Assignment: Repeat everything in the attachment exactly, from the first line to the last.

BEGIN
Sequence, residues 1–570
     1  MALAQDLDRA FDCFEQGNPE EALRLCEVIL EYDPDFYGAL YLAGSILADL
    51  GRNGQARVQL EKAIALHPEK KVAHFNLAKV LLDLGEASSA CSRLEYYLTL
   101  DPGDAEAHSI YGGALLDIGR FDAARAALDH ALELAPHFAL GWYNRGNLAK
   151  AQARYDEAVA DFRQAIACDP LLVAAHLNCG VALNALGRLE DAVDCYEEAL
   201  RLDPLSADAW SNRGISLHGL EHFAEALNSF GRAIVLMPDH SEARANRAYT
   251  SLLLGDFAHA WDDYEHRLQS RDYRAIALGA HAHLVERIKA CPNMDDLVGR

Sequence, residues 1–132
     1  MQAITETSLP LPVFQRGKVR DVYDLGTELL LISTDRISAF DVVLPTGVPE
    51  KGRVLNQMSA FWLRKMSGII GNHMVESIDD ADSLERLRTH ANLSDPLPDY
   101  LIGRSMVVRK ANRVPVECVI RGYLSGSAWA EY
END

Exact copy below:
Sequence, residues 1–570
     1  MALAQDLDRA FDCFEQGNPE EALRLCEVIL EYDPDFYGAL YLAGSILADL
    51  GRNGQARVQL EKAIALHPEK KVAHFNLAKV LLDLGEASSA CSRLEYYLTL
   101  DPGDAEAHSI YGGALLDIGR FDAARAALDH ALELAPHFAL GWYNRGNLAK
   151  AQARYDEAVA DFRQAIACDP LLVAAHLNCG VALNALGRLE DAVDCYEEAL
   201  RLDPLSADAW SNRGISLHGL EHFAEALNSF GRAIVLMPDH SEARANRAYT
   251  SLLLGDFAHA WDDYEHRLQS RDYRAIALGA HAHLVERIKA CPNMDDLVGR

Sequence, residues 1–132
     1  MQAITETSLP LPVFQRGKVR DVYDLGTELL LISTDRISAF DVVLPTGVPE
    51  KGRVLNQMSA FWLRKMSGII GNHMVESIDD ADSLERLRTH ANLSDPLPDY
   101  LIGRSMVVRK ANRVPVECVI RGYLSGSAWA EY